For sure, this virus is devastating people and will hurt our economy. But, I’m continuing on my theme of the last couple of posts, pondering what changes the current crisis will bring the world of work and marketing, where there are some positives, as it sure beats the news right now.
You are probably very familiar with the technology adoption curve (below), a model first conceived in the late fifties and debated in the works of contemporary business and marketing writers like Geoffrey Moore and Clayton M. Christensen and has been applied to everything from IT in education, mobile phone adoption to social media.
The idea is that whenever something new comes along, we are all on a spectrum of innovators, early adopters, early or late majority to laggards stubbornly refusing to change.
Right now, in so many aspects of lives, the corona crisis is scooping up the laggards and bringing them firmly up to date.
Businesses that failed to grasp flexible working now have to trust their employees to work around their families. Every business, whether a laggard on this policy or not, has had to get with the early adopters, accelerating themselves into the late majority.
Remote working has been the way of working for a relatively small number of people (although the most vocal on social media). We are barely at the “early majority” part of the graph here. In 2019, there were 4.3 million remote workers in the USA, which makes up a mere 3.2% of the entire workforce and 44% of companies didn’t allow remote work at all (according to this article). Sure, there are lots and lots of people employed in jobs that can’t be done from home, but it’s not the entire 96.8% of the remaining workforce. A swathe of companies moved from the edges of this graph to the majority almost overnight.
(Added 8th April: There is research from Gartner to support this)
Consumers are being upgraded; I was chatting to an executive at a bank the other day, older banking consumers that have clung on to their passbooks, the laggards of credit cards and online banking, have had to move with the majority.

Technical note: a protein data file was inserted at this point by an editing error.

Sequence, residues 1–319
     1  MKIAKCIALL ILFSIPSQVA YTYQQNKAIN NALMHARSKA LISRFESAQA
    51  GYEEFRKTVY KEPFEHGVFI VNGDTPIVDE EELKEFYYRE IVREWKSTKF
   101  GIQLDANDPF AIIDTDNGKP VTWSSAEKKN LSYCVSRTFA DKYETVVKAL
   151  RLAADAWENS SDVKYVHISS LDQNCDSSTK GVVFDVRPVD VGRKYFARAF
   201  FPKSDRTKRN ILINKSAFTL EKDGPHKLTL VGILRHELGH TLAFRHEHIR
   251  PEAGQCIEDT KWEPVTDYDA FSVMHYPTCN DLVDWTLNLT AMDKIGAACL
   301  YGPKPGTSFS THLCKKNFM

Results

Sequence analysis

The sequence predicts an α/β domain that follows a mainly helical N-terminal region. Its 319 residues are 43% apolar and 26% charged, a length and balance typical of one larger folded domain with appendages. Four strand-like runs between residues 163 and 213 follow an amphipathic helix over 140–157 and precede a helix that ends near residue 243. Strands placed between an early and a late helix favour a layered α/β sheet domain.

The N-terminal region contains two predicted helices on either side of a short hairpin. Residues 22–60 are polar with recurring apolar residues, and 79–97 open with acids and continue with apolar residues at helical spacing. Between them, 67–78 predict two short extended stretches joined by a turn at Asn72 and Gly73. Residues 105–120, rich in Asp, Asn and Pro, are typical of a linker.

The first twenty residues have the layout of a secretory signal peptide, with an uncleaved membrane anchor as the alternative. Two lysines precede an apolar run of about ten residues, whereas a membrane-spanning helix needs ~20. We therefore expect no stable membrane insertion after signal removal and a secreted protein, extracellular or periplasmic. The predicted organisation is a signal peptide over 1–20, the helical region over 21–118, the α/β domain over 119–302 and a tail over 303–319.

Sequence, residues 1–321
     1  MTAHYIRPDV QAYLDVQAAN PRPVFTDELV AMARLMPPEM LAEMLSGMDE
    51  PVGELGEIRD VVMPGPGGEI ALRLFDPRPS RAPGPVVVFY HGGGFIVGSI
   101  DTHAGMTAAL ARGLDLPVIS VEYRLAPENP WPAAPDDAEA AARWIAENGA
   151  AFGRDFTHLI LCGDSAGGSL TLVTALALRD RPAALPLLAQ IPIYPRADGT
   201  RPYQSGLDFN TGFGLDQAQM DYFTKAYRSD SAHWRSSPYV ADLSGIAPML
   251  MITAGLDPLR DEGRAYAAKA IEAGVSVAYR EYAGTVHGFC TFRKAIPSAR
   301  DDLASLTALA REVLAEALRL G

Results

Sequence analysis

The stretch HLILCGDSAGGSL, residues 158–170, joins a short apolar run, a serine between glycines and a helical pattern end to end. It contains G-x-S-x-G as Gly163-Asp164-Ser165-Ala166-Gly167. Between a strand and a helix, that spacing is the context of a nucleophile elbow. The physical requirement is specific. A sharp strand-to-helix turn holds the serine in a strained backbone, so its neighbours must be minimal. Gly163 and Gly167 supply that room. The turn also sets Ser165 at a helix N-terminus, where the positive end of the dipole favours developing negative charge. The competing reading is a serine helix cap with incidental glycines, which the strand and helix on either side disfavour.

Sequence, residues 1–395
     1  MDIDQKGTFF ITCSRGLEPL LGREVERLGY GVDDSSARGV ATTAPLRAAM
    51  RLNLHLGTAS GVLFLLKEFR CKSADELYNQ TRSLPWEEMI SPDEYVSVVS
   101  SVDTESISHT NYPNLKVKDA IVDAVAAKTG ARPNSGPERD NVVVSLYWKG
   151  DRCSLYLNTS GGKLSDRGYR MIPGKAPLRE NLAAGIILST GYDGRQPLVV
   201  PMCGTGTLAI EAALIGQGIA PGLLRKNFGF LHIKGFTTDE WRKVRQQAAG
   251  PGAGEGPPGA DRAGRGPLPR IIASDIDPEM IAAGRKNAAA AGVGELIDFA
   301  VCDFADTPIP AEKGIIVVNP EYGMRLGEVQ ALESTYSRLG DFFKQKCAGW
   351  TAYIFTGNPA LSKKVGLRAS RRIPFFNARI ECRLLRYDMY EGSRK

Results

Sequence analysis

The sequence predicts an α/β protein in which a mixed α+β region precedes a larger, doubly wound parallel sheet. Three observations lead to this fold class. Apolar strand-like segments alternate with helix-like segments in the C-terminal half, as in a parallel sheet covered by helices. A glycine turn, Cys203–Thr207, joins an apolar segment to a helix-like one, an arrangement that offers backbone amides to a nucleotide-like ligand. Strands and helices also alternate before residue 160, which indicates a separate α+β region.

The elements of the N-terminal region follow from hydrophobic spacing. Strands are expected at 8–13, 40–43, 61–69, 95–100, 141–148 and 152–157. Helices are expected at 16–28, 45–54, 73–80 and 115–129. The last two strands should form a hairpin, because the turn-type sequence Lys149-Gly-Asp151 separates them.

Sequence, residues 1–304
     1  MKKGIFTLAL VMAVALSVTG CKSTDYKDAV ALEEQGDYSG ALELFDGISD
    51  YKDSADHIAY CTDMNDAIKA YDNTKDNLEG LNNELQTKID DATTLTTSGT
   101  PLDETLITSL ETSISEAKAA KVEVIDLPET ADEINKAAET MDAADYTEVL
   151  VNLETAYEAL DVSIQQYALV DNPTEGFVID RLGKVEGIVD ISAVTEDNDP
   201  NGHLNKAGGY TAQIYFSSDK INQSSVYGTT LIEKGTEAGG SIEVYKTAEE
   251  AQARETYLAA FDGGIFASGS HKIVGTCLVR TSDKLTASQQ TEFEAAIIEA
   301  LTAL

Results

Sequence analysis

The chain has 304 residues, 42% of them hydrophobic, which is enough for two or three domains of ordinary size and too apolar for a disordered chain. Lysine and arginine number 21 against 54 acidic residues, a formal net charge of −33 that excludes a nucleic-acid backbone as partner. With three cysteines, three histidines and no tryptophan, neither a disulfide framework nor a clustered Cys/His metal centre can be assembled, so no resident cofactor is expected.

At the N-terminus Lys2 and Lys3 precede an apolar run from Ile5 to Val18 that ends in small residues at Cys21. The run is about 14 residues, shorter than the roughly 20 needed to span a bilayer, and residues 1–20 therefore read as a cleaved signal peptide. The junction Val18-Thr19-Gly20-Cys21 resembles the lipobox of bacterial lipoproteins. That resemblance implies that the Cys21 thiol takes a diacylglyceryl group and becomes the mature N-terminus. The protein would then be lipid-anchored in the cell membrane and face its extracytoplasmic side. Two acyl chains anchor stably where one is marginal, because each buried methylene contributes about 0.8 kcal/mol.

Independent shops and pubs are banding together to provide community-driven online shopping and deliver services. In a crisis, they’ve discovered that they can offer something different to Amazon and join the majority online.
Corporate digital transformation, a practice that seemed to have been kicked into the weeds, is now back at the top of the corporate agenda. Employees realize that they need more than a laptop, Zoom, and Slack to get the job done; they need digital processes and tools while consumers start to discover what organizations are offering as a digital experience.
The “wet signature” (as I heard it described today), a crucial part of buying a house, is in for an upgrade. Industry events, the reason to fly to a meeting, the need to own a car, the train season ticket, the supply chain, education, the equality of labor in childcare, and domestic chores. There are so many big and small parts of our lives that could be potentially upgraded.
Maybe finally shaking the industrial age thinking that has kept us living and working like our grandparents, moving us closer to what today’s technology can offer our lives, to no longer be laggards.
I’m a former CMO, a marketing strategist, content marketer, columnist, speaker, industry watcher, but most of all; creator of ART (Awareness, Revenue, and Trust) for the companies I work with.
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